The current plan for the Gardiner, of building a 8-lane urban boulevard between Jarvis and the Don Valley Parkway, is likely the best compromise, for now, for motorists versus pedestrians, cyclists and local residents, though the biggest issue in my opinion is the maze of ramps at York/Bay/Yonge. Even burying the Gardiner, as once planned, would not be a perfect solution either. While the Big Dig at the surface is nicely landscaped with parks and walkways, it remains a bit of a barrier, with long traffic light cycles to cross the surface streets, and the urban fabric destroyed with the construction of the Central Artery has yet to be filled in. Boston’s solution is a big improvement, but is still not ideal.



  1. How is an “8-lane urban boulevard” good?
    It would be better to have an elevated highway.
    At least that is easier to walk under.

  2. The one problem I have with the Big Dig, speaking as someone who is not from Boston, is that it is *very* un-GPS friendly. When your navigation system blinks out the moment you get in the tunnel and takes with it the information on where you’re supposed to get out of the tunnel, that’s very disconcerting.

    It was also common to be driving along the surface streets and suddenly have the GPS think you were on the highway underneath you and start giving crazy directions.

    Hopefully GPSs improvements will make that a moot point, but at the moment, the Big Dig is a serious pain in the ass for lost tourists trying to get around Boston.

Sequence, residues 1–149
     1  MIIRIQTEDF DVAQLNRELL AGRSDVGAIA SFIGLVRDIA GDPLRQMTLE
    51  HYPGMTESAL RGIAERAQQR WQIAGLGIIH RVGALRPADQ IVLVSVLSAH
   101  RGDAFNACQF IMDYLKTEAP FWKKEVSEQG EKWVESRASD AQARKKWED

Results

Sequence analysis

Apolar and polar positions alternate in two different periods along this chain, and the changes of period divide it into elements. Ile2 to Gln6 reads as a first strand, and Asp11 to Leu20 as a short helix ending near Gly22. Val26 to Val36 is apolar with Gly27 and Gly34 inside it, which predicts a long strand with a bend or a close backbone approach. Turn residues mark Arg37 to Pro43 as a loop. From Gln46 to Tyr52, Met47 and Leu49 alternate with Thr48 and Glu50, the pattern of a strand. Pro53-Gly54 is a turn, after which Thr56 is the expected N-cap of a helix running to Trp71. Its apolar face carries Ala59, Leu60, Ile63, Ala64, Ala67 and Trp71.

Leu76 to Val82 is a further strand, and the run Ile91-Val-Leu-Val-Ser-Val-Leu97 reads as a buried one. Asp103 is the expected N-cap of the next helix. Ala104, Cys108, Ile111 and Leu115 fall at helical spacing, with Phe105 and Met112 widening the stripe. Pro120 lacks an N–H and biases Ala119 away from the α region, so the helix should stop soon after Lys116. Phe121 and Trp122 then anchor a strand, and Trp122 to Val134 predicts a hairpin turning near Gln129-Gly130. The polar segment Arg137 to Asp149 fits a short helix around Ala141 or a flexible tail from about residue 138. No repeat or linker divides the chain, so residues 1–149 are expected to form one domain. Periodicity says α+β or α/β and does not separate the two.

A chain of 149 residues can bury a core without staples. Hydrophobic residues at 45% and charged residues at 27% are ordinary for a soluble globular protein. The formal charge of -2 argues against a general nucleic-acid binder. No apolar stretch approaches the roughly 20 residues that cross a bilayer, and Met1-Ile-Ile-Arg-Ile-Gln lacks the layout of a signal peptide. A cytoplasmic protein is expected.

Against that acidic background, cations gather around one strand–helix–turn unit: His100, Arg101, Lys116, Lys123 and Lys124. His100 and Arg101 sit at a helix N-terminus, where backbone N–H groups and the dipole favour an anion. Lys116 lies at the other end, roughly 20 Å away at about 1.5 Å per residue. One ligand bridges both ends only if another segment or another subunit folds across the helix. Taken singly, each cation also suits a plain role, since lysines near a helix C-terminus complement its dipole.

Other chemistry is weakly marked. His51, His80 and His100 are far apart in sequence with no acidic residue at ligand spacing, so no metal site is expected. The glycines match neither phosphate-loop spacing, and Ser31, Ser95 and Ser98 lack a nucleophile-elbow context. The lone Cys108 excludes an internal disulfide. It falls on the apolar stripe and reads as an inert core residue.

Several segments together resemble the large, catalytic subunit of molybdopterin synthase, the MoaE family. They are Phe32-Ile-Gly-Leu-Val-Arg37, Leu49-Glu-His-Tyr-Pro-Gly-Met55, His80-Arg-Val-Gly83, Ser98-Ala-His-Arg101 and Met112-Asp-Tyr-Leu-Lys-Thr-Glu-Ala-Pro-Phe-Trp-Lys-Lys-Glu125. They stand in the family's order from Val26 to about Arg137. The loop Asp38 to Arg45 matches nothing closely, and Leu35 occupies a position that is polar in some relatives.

3. I’m with hey. The Gardiner is the biggest non-problem in Toronto today.

  4. One bizarre component of the Big Dig is the cable-stayed bridge that carries the traffic over the river between downtown Boston and Cambridge. They chose the right designer but pretty much blew the design by overloading the bridge with traffic lanes and choosing a type that was not really proportionally right for this span. The extra lanes on the bridge make it asymmetrical and the result is stocky:

    Main span: 227.1 m
    Width of deck: 56 m (8 lanes + 2 more on one side)

    Span-to-width ratio: 4:1

    This is simply not very elegant. Other modern interstate cable-stay bridges have ratios of 8:1 (Fred Hartman), 12:1 (Sunshine Skyway, Ravenel Bridge, Veterans-Texas), 13:1 (US Grant), etc. Even the recent Veteran’s Glass City in Ohio is 5:1.

    Making it worse, there is another bridge next to it that is essentially a giant off-ramp, ruining the view of the bridge from that side and mocking its function — why do you need a cable-stay bridge if the same span can be handled with a boring concrete off-ramp? Bizarre.


    Dear Hay and Iqbal W.